Editorial: Sneak attack on open records law should be rebuffed

March 21, 2004

Everybody understands that in a nation at war certain types of information that might be used by terrorists to do grievous harm to the public must be safeguarded.

For that reason, the Kentucky Press Association, working with House Bill 188's sponsor early in the session, accepted language that seals some things normally in the public record. In the interest of security, some types of information currently covered by the state open's access laws would be protected. Those changes are included in the bill, which deals with homeland security issues and exemptions to the state's open records act.

Now, some legislators plan to use the cover of homeland security to place totally unrelated information off-limits to the public. That's what an amendment to HB 188 to be proposed Monday in the state Senate Veterans, Military Affairs and Public Protection Committee would do.

The amendment would create exemptions to the opens records act that would guard the secrecy of non-profit organizations holding funds for state government or state universities. That means that the source and use of funds donated to such organizations as university athletic associations or university foundations would be removed from public scrutiny.


This comes despite court rulings that the University of Louisville Foundation and the Kentucky State University Foundation are public agencies, as defined by the Kentucky Opens Records Act, and are therefore subject to public scrutiny. The amendment being proposed Monday appears to be an effort to do by legislation what university officials trying to keep these records secret have been unable to achieve by litigation.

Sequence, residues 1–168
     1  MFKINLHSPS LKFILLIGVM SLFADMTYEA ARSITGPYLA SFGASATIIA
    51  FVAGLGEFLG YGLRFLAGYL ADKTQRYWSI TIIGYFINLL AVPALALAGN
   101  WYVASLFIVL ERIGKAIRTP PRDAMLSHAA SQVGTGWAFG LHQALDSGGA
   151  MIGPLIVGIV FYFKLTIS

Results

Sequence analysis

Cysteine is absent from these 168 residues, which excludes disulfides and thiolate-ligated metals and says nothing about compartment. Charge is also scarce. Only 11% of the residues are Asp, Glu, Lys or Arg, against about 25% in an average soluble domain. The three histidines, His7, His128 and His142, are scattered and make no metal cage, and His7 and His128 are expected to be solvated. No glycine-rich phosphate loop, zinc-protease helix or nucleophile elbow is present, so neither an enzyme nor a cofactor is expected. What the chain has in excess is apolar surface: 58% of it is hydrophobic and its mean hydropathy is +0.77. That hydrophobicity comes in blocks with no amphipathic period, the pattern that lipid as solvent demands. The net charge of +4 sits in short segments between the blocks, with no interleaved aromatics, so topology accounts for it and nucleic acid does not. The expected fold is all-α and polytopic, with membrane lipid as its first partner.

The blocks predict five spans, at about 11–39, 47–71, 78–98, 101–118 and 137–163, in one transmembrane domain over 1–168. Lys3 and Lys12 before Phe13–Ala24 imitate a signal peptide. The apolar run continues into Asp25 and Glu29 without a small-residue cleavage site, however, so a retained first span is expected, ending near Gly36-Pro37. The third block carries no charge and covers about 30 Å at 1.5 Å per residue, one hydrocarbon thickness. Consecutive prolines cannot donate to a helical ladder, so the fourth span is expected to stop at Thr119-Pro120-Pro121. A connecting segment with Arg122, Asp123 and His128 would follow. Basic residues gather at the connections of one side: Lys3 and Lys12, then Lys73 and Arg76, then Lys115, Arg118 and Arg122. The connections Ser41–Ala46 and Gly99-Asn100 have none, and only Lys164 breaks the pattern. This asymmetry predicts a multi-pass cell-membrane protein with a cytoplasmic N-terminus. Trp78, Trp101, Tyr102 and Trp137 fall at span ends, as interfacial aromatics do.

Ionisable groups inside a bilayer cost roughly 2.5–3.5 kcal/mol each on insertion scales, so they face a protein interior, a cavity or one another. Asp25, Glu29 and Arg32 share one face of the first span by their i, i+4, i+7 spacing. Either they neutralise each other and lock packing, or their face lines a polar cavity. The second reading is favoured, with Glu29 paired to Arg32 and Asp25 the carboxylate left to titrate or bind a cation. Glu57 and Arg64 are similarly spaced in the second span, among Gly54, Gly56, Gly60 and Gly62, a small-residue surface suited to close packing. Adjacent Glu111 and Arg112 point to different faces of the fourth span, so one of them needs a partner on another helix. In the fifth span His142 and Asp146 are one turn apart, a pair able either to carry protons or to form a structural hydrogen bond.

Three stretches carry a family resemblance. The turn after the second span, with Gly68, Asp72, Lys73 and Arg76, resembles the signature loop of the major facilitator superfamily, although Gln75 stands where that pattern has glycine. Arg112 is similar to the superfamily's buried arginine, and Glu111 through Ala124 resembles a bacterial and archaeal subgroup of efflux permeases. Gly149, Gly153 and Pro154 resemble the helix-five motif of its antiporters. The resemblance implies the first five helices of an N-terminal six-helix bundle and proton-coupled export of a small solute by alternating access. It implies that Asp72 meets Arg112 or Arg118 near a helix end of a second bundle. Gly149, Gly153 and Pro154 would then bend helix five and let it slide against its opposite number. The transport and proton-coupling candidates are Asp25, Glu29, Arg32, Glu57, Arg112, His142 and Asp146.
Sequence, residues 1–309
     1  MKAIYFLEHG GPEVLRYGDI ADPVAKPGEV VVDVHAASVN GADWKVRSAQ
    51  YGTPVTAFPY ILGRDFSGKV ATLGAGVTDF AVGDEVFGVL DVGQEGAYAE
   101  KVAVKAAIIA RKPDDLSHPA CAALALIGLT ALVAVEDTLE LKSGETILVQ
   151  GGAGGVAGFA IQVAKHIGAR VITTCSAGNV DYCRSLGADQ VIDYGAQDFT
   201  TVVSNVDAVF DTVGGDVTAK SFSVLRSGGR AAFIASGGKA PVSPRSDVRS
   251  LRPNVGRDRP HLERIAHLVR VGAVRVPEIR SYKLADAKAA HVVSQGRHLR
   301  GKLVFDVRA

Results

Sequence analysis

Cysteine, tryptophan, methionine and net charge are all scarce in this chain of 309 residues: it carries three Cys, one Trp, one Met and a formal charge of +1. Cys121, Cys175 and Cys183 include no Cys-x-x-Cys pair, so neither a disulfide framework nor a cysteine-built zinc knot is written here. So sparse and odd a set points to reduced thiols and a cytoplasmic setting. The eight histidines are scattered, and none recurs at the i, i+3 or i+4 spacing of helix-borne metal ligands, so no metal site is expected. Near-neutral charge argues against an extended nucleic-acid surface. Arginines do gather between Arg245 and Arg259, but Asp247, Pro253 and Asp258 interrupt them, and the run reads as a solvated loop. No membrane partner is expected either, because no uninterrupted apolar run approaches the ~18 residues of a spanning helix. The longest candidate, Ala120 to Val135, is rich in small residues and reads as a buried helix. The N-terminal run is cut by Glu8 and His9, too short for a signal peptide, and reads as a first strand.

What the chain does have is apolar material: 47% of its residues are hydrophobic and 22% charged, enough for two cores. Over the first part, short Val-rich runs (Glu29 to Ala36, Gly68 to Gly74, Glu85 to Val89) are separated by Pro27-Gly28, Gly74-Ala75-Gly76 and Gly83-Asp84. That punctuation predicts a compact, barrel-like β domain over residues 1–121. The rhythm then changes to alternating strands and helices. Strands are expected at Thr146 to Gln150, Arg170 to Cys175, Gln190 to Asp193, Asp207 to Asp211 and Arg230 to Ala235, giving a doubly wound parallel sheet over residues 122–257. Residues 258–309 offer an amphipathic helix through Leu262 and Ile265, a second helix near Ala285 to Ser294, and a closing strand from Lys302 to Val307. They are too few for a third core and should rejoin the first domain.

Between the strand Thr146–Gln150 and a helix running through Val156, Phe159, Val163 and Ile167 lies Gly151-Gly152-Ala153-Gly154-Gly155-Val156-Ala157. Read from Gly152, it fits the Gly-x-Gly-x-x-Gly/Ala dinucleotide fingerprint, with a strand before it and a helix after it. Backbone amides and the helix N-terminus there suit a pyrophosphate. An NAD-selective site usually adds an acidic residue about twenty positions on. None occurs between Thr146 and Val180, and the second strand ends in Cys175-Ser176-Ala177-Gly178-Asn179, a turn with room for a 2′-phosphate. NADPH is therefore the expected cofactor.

Certainly, this effort to gut the state's open access laws is related to the simmering controversy over the U of L Foundation and its relationship with U.S. Sen. Mitch McConnell. But as state universities and other state agencies increasingly turn to private donors for funding, the issue goes beyond McConnell.

As a result of the "Brains for Bucks" program, millions in taxpayer dollars are being held by foundations at state universities. Kentucky taxpayers have a right to know whether these funds are being invested and spent wisely.

Furthermore, universities have used foundations to hide certain operations, such as sports spending, from public view.

In fact, the proposed amendment is broad enough that it could exempt from public view the activities of any nonprofit entity that operates "for the benefit of any state organization." Theoretically, if public officials so desired, it could put many state government operations under a blanket of secrecy that would do nothing to make Kentuckians safer from terrorists but would do much to keep Kentucky's elected and appointed officials safer from the scrutiny of the voters and the taxpayers.

The amendment is a sneak attack on the public's right to know and ought to be rebuffed by the Senate panel Monday.

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